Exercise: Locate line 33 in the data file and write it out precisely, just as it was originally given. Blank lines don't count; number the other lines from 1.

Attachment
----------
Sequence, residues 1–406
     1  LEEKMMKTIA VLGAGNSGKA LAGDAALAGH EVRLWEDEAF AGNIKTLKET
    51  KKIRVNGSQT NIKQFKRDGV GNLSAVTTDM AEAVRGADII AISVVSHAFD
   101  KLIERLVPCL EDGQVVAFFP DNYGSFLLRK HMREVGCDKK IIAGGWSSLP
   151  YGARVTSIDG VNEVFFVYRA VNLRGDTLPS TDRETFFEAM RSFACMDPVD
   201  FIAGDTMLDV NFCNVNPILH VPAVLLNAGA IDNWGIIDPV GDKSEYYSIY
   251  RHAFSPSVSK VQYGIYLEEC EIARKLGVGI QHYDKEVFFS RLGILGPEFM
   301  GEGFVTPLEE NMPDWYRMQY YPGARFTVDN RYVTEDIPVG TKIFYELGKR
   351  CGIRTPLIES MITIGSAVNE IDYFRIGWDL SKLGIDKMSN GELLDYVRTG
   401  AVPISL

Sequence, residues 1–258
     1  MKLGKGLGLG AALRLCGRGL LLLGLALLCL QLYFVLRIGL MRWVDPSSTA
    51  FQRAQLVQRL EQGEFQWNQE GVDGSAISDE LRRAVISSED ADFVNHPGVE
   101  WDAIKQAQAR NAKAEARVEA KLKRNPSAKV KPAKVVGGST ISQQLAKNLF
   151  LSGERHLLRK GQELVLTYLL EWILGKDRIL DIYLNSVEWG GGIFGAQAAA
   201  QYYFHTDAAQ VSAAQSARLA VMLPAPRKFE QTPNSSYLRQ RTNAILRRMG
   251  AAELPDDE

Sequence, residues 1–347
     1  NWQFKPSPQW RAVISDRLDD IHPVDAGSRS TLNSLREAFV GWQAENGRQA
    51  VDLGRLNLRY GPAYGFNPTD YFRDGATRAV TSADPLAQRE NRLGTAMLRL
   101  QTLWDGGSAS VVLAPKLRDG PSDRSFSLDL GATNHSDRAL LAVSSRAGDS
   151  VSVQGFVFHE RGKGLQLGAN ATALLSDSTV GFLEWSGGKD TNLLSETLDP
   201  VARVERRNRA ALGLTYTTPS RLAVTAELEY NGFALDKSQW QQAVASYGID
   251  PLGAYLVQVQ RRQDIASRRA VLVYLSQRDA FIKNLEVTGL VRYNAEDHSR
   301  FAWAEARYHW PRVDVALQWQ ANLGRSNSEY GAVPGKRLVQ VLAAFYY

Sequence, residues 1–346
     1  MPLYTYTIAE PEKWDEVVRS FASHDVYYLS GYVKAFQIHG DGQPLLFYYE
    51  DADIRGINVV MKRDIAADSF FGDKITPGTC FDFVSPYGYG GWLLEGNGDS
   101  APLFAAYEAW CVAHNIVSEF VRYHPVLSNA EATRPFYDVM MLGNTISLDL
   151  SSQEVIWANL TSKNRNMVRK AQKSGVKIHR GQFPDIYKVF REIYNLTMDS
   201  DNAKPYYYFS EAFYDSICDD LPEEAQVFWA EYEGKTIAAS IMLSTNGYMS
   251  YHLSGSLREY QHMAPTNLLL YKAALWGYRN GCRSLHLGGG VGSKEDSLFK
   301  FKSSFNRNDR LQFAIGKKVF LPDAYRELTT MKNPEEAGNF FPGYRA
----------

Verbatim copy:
   301  FKSSFNRNDR LQFAIGKKVF LPDAYRELTT MKNPEEAGNF FPGYRA